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Mango Butter

July 07 2020 – Henrieta Haniskova

Mango Butter

Mango Butter

Considered to be India’s “King of Fruits,” the Mangifera indica botanical – better known as the Mango Tree – yields a fruit containing the source of the emollient known as Mango Butter. Other names by which it is called include Mango Kernel Fat and Mango Oil. “Manna,” the Malayalam word for the fruit, was adopted as “Manga” by the Portuguese, who travelled to Kerala in 1498 for the spice trade. “Mango,” the English and Spanish name for the fruit, is most likely derived from this.

Mango trees have been cultivated and harvested in India for thousands of years and were introduced to the Western Hemisphere around 1700, after initially being planted in Brazil. Around 1740, they were introduced to the West Indies, and eventually they made their way to the Americas. In the 1930s, Mango Butter was one of the fats that was considered for use as an alternative to Cocoa Butter in the context of creating confectionary products; however, further studies showed that its significant amounts of tocopherol, phytosterols, and triterpenes also contributed to its potential as an effective ingredient for natural cosmetic formulations.

Used topically, Mango Butter’s creamy, long-lasting emollience nourishes skin and boosts its elasticity as well as its suppleness, thereby reducing the appearance of fine lines and tightening skin for a firmer appearance. Its high vitamin content protects skin against harsh environmental stressors and damage caused by overexposure to harmful UV radiation. Its ability to easily melt on skin contact and penetrate into the skin without leaving a greasy residue makes Mango Butter an ideal ingredient in sun care products, balms, and hair care products such as those intended to control frizz. Its gentle quality makes it an ideal ingredient in baby moisturizers and products for sensitive skin.

Mango Butter is known to boost skin’s luster and natural radiance while reducing the appearance of dark spots. Along with softening and soothing properties, it cleanses the skin’s surface of impurities and unblocks pores. The anti-oxidant, anti-inflammatory, and anti-aging properties of Mango Butter make it an effective soothing agent for skin afflicted by dryness, eczema, and dermatitis. By restoring and maintaining moisture levels and by boosting cell regeneration, Mango Butter leaves skin looking plump, thereby promoting a rejuvenated, revitalized appearance.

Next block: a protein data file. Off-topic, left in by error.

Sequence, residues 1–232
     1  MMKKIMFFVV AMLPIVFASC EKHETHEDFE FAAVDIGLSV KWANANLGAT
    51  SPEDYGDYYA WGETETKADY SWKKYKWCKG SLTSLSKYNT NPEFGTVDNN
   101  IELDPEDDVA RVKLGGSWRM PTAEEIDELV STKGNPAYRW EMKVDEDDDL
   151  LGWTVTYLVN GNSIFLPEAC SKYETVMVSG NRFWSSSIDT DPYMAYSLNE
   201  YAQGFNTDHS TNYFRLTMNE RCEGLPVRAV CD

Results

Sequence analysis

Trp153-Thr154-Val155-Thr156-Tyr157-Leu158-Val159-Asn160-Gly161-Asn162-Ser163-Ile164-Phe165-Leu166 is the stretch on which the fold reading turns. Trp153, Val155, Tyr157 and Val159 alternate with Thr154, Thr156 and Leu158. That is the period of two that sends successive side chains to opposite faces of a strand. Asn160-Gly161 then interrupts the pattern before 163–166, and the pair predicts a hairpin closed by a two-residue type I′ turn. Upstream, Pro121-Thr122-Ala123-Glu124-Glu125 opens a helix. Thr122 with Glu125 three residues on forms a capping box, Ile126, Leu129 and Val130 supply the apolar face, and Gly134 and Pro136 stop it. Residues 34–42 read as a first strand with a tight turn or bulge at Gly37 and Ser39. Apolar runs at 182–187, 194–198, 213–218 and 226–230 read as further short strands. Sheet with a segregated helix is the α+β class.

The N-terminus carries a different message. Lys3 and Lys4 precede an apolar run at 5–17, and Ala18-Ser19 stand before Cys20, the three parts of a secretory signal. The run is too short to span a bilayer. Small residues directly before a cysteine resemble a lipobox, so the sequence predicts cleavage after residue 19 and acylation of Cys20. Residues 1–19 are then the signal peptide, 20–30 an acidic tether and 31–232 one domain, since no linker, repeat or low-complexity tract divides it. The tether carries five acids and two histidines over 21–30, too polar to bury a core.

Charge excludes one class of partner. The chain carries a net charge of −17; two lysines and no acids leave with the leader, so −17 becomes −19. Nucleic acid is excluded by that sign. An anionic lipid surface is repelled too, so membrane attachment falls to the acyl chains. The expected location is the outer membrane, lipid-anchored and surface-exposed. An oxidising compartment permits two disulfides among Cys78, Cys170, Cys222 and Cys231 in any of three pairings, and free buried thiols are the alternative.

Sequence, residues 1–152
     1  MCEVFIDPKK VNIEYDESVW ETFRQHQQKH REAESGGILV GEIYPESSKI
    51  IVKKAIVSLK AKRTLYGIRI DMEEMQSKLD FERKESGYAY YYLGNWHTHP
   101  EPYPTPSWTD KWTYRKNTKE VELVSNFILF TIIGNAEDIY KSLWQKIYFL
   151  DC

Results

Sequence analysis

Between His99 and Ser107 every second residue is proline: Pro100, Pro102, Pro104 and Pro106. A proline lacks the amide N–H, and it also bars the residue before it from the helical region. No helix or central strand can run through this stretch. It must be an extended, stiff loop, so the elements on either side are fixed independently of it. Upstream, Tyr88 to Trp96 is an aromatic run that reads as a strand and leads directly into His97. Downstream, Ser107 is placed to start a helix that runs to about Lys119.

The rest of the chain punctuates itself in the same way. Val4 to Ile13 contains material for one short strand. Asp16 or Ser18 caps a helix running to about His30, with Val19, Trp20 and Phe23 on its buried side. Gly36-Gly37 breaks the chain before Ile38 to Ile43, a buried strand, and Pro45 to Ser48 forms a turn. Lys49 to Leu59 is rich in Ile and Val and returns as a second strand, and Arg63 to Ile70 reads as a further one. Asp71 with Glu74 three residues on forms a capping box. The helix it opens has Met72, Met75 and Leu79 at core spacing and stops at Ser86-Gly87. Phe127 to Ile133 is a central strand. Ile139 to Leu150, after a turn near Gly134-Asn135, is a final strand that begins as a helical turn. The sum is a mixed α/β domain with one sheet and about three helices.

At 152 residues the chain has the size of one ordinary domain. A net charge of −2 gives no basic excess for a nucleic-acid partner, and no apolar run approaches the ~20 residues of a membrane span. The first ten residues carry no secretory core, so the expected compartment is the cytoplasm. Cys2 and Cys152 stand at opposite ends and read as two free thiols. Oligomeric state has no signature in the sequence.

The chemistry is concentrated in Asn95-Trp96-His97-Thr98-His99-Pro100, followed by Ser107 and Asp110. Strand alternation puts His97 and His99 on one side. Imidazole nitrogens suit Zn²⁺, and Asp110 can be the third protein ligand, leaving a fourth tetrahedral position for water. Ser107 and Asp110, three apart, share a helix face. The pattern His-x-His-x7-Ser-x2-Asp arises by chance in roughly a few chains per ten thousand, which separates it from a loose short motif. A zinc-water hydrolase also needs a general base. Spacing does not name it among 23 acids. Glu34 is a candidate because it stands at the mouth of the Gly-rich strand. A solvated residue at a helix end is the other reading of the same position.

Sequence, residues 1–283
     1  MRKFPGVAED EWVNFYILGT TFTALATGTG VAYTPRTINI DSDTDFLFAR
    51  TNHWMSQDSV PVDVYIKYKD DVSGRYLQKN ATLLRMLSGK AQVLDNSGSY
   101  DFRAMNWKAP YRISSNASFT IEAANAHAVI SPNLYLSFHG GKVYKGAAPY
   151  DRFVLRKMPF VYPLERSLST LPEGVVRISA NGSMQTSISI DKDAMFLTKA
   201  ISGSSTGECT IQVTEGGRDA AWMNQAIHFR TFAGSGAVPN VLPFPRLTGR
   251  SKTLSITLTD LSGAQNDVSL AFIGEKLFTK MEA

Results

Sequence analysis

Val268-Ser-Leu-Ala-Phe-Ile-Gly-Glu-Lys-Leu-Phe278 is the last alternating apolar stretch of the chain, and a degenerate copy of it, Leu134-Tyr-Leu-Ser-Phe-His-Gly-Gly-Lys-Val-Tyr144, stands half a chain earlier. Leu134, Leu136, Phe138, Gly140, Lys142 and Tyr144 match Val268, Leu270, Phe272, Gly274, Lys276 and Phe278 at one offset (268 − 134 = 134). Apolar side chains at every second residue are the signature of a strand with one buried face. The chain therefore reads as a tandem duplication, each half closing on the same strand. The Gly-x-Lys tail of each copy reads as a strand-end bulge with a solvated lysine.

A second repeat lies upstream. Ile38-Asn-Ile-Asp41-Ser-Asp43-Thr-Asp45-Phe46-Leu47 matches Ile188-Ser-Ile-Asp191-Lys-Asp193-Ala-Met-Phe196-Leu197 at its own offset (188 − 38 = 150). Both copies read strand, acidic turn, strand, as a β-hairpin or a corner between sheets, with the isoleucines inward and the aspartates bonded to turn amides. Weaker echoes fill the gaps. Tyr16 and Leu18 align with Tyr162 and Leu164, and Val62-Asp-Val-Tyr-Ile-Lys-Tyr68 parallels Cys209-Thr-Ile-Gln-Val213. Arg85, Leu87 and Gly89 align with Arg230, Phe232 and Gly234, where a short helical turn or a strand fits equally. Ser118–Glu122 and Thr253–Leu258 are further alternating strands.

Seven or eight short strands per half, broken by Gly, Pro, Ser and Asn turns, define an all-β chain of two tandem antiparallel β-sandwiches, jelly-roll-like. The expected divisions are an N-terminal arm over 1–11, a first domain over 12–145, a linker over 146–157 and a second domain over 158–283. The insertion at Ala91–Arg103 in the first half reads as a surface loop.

Used medicinally, Mango Butter works as an agent that facilitates the process of eliminating toxins, dirt, pollution, and other impurities from the skin. Its soothing quality makes it ideal for use on skin afflicted by itching, stinging, burning, and stretch marks. When used in a therapeutic massage, Mango Butter penetrates gently yet deeply into skin and applies its soothing power to tense and aching muscles. Due to its non-comedogenic property, Mango Butter can benefit acne-prone and oily skin, when used as a facial moisturizer.

    Native to India and having been around for the same approximate length as Ayurvedic medicine, Mango trees belong to the Anacardiaceae family along with cashews and pistachios. Mango trees grow in approximately 1000 varieties and have become a multi-national botanical that can be found throughout various sub-tropical and tropical lowlands around the world, including the Americas, Mexico, Brazil, the Caribbean, Africa, Indonesia, and China.

    Mango Butter is typically extracted by Expeller- or Cold-Pressing de-shelled Mango fruit seeds. The oil-bearing Mango seeds are placed inside a hydraulic press machine. They undergo high pressure and friction in order to release their oils, which seep through small openings at the bottom of the pressing barrel. These openings are small enough to prevent Mango fibers from leaving the barrel. The resultant butter is light in color with a faint scent that retains its nutritive value.


    Benefits of using Mango butter

    The main chemical constituents of Mango Butter are: Oleic Acid, Stearic Acid, Palmitic Acid, Linoleic Acid, Arachidic Acid, Vitamin A, Vitamin C, and Vitamin E.

    Let's look at it from the stand point of effect on the skin in simple points:

    •Boost immunity

    •Exhibit anti-oxidant properties

    •Have cleansing properties that purge dirt, sweat, and excess sebum from hair and skin

    •Facilitate wound healing

    •Soothe and promote the healing of skin conditions like eczema and dermatitis

    •Enhance and promote muscle gain/mass by boosting the body’s inflammatory responses

    •Stimulate production of collagen

    •Protect skin against toxins and bacteria and promotes cell production, thus boosting immunity

    •Help reduce and soothe damage caused by ultraviolet radiation

    •Shield skin from the noticeable effects of pollution

    •Repair scarred and blemished skin

    •Offer soothing relief to skin that has been burned


    • COSMETIC: Regenerative, Protective, Anti-Oxidant, Anti-Aging, Softening, Soothing, Moisturizing.
    • MEDICINAL: Regenerative, Protective, Anti-Oxidant, Anti-Aging, Anti-Inflammatory, Anti-Microbial, Analgesic.


    Wow! That's quite the list!


    Tagged: baby, baby skin, eczema, emollient, healing skin, infant, mango butter, natural, new baby, nourishing, organic, pregnancy, psoriasis, rosacea, skin food, skin protecting, stretch marks